Pregnant obese women: bariatric surgery before pregnancy lowers risks of complications


Pregnant obese women: bariatric surgery before pregnancy lowers risks of complications


A study published on bmj.com today reports that obese women who undergo bariatric surgery before having a baby have a much lower risk of developing serious health problems during pregnancy.

Hypertensive disorders during gestation are a common cause of pregnancy complications and infant death. They affect about 7 percent of all pregnancies in the United States. Obesity, particularly extreme obesity, is a risk factor for hypertensive disorders in expectant mothers. These include serious conditions such as pre-eclampsia, where abnormally high blood pressure and other disturbances develop during pregnancy.

Bariatric surgery is an effective weight loss intervention for women with a body mass index (BMI) of 40 or more, or a BMI of 35 to 40 with associated conditions like diabetes. However, the impact of surgery on hypertensive disorders in pregnancy is unclear.

In order to find out more, researchers from Johns Hopkins University in the United States set out to test the theory. Did women who had a delivery after bariatric surgery have lower rates of hypertensive disorders in pregnancy compared with women who had a delivery before surgery?

Using insurance data from 2002-2006, they identified 585 obese women aged 16 to 45 years who had undergone bariatric surgery. These women had at least one pregnancy and delivery. They also had continuous medical insurance coverage during pregnancy plus two weeks after delivery.

Of these women, 269 had surgery before delivery and 316 had surgery after delivery.

Findings indicated that women who delivered after surgery had substantially lower rates (75 percent) of hypertensive disorders compared with women who delivered before surgery. This was true even after adjusting for factors such as age at delivery, multiple pregnancy, surgical procedure, pre-existing diabetes, and insurance plan.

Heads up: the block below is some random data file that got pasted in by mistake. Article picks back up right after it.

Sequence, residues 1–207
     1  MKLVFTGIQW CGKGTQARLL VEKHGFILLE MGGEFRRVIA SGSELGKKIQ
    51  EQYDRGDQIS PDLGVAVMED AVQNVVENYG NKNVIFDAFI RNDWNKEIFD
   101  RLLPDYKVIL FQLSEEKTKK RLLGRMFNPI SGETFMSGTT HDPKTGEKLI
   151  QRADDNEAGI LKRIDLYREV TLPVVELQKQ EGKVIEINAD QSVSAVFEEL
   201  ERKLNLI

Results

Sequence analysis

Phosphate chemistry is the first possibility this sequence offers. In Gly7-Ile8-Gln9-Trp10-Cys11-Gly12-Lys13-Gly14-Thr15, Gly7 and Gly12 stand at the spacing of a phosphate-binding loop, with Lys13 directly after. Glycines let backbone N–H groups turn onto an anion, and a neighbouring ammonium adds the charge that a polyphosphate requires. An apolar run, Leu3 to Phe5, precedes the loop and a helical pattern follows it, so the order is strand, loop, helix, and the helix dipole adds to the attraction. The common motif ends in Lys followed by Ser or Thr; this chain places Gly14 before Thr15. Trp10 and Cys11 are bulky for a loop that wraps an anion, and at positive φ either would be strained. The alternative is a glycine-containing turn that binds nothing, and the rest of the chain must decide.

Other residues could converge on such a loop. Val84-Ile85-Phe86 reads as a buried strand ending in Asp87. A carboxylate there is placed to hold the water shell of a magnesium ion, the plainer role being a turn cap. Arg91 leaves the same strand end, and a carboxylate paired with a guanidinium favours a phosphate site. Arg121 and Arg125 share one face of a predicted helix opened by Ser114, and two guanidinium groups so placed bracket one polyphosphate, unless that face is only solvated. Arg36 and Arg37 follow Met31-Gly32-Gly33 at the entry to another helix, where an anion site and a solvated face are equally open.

The authors note that these results have important clinical, public health, and policy implications. For instance, bariatric surgery could be considered in women of childbearing age who wish to start a family, and have a BMI of 40 or more, or a BMI of 35 to 40 with associated conditions.

They write in closing that future research should also concentrate on long term maternal and child health after pregnancies and deliveries following bariatric surgery. Weight management, nutritional status, and burden of long term chronic disease should be considered.

"Impact of bariatric surgery on hypertensive disorders in pregnancy: retrospective analysis of insurance claims data"

Wendy L Bennett, assistant professor, Marta M Gilson, assistant professor, Roxanne Jamshidi, assistant professor, Anne E Burke, assistant professor, Jodi B Segal, associate professor, Kimberley E Steele, assistant professor, Martin A Makary, associate professor, Jeanne M Clark, associate professor

BMJ 2010; 340:c1662

doi:10.1136/bmj.c1662

bmj.com


Bariatric Surgery Prior to Pregnancy Reduces Risk of Complications for Obese Women (Video Medical And Professional 2018).

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